Councillors ignore officers’ advice and throw out 14-storey office scheme
Tower Hamlets has rejected Foster & Partners’ plans for a 14-storey office block on the corner of Whitechapel High Street and Commercial Street.
Councillors turned down the design at a planning committee this week because of reasons such as the height of the scheme, demolition of heritage assets, and impact on day and sunlight for nearby residents.
The knockback came despite Fosters revising a previous, 20-storey design from 2018 at the start of this year because it had also attracted much criticism.
Alliance Property Asia’s application for the 0.67ha site sought full planning permission to demolish an existing terrace on the site and an annexe to the Canon Barnett School. The 14-storey building would be partly constructed on part of the school’s playground, which would be relocated to the site of a public car park. Councillors also objected to this loss of educational floorspace.
Officers acknowledged that the office building would be a tall building outside of a tall building zone but added it was of “good design” and recommended the planning application was granted. They also recognised “there would be significant impacts to a number of properties surrounding the site”.
Their report for the planning committee said the scheme was “finely balanced”. They wrote: “Officers consider that the public benefits in terms of the life time of the development, affordable workspace, a heritage mitigation s106 contribution of £1m to secure heritage directed improvements to the facades and shopfronts to neighbouring parts of the conservation area, public realm improvements and the removal of the public car park, (which currently attracts anti-social behaviour) outweigh the identified harm to heritage assets.”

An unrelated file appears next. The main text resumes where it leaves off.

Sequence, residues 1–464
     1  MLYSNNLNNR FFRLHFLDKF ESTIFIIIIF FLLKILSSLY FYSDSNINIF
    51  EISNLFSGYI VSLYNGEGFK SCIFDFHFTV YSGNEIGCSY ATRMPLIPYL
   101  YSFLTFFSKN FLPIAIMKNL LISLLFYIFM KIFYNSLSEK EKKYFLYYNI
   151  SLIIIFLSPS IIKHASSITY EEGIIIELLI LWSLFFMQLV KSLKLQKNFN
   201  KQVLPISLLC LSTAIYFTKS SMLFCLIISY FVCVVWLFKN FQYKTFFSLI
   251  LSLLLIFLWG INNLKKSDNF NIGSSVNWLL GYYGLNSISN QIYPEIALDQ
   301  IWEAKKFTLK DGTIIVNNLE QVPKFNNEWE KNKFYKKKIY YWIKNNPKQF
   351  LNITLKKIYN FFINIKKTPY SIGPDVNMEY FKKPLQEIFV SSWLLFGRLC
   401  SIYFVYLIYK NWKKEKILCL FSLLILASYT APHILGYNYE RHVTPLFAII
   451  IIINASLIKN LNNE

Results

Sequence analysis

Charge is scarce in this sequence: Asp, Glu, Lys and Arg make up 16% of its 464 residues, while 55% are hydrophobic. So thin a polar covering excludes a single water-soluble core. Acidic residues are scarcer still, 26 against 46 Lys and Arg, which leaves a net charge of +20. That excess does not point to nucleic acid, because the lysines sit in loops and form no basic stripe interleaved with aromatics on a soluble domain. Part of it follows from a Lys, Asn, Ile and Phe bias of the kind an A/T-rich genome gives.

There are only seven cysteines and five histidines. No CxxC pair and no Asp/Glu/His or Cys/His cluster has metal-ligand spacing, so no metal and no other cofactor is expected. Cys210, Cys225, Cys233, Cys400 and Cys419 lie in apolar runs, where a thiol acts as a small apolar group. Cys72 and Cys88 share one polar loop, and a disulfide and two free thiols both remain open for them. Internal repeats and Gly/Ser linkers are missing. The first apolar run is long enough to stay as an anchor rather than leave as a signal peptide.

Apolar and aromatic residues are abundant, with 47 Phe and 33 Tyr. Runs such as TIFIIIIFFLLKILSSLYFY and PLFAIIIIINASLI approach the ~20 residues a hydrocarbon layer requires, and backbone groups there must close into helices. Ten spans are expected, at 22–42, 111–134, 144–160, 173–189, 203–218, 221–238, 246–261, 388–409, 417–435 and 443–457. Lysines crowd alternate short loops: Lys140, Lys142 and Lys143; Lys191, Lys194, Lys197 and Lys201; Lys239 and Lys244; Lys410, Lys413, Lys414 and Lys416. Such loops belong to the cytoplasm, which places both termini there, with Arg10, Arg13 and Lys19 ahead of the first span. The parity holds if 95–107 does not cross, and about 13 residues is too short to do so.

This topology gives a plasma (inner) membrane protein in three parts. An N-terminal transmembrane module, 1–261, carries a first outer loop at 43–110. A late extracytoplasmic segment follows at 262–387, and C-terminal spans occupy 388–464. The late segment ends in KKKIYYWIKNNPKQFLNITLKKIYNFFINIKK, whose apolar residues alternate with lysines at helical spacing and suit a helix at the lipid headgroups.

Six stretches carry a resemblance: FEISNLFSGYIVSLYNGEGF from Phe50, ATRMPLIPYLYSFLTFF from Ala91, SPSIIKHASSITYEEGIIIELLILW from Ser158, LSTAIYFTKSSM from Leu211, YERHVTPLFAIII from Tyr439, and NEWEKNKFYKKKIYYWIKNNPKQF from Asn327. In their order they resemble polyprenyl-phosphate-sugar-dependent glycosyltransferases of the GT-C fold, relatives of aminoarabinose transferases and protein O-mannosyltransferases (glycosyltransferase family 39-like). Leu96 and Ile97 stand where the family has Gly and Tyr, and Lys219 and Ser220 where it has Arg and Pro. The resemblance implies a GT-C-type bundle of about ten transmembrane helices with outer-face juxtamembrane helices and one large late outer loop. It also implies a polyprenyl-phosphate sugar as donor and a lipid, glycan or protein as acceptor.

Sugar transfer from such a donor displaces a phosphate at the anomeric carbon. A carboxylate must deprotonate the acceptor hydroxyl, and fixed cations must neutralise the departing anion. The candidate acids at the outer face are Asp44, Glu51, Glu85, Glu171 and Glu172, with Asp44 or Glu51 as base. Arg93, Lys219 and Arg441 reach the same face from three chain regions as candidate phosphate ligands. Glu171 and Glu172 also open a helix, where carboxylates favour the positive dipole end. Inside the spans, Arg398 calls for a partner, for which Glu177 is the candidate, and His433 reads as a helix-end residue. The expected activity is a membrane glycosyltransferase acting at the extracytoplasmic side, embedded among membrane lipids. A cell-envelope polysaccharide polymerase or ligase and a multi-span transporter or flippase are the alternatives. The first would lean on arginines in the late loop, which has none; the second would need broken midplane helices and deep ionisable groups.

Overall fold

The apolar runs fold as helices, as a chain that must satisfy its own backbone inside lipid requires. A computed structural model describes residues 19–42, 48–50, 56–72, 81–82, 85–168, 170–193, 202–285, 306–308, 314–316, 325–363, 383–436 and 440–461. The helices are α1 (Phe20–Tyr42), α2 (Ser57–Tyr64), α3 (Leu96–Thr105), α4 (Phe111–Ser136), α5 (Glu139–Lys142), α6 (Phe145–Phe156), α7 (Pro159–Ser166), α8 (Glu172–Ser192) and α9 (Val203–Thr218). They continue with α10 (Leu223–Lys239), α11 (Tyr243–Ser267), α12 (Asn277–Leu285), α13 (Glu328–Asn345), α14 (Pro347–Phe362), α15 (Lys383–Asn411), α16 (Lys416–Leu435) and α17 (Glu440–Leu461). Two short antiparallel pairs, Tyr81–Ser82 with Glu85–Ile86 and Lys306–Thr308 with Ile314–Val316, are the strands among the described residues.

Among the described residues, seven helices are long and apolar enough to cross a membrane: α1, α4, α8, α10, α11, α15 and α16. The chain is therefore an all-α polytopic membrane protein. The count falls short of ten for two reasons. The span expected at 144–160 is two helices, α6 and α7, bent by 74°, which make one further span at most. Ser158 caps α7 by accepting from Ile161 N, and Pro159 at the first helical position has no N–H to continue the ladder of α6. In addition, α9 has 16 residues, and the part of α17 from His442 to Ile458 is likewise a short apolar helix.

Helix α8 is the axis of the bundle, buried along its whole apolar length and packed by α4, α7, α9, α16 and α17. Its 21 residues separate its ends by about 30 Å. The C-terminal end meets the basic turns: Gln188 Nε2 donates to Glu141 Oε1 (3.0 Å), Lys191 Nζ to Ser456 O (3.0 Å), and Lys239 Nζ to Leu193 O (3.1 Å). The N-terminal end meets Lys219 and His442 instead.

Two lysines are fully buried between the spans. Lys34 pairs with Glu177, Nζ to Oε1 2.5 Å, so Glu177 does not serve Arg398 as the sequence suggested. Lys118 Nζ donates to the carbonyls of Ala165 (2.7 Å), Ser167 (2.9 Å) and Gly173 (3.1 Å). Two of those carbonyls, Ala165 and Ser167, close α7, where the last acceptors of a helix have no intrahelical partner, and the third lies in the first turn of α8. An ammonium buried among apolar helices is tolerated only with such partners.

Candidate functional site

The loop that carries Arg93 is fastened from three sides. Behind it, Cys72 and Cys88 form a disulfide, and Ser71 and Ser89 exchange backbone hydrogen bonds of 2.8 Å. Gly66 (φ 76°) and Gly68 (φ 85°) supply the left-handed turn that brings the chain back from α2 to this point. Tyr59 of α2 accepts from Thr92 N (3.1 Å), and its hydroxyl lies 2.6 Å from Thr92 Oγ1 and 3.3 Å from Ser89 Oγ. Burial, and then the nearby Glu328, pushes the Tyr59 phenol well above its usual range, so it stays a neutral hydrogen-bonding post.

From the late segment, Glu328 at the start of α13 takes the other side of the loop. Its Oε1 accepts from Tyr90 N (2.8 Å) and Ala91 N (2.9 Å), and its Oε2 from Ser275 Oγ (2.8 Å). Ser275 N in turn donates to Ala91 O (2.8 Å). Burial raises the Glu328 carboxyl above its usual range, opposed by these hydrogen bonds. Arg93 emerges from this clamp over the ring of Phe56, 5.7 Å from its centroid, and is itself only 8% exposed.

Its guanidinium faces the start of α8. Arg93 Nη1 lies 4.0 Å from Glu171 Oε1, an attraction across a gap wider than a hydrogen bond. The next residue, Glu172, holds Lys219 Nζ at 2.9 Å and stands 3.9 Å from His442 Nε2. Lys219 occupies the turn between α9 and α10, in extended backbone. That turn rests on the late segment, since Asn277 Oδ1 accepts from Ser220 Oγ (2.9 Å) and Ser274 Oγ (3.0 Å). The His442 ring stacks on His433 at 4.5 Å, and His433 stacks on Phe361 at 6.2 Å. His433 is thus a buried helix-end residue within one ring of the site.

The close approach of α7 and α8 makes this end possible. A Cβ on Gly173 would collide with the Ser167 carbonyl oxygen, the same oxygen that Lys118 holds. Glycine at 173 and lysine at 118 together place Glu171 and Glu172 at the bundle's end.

Although the replacement school playground would be “significantly more overshadowed than the one in its current location”, the officers noted, “this would be balanced against markedly improved air quality” in the playground.
Following a public consultation, the council received 218 letters of objection to the scheme, including from the Victorian Society, Spitalfields Trust and Save Britain’s Heritage.
Conservative councillor Peter Golds said: “The building is overbearing and has no aesthetic value.”
There are no listed buildings on the site but it is near the grade II* Whitechapel Gallery, as well as Whitechapel Library and Toynbee Hall.
Foster & Partners has been contacted for comment.